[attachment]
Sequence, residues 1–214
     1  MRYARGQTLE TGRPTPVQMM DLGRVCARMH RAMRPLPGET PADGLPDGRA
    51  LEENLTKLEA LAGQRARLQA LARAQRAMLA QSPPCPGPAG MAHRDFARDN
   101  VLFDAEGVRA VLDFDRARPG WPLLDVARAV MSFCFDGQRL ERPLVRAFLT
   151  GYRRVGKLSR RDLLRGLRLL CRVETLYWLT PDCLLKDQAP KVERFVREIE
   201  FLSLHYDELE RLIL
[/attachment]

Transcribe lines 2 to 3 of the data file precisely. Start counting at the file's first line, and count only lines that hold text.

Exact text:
     1  MRYARGQTLE TGRPTPVQMM DLGRVCARMH RAMRPLPGET PADGLPDGRA
    51  LEENLTKLEA LAGQRARLQA LARAQRAMLA QSPPCPGPAG MAHRDFARDN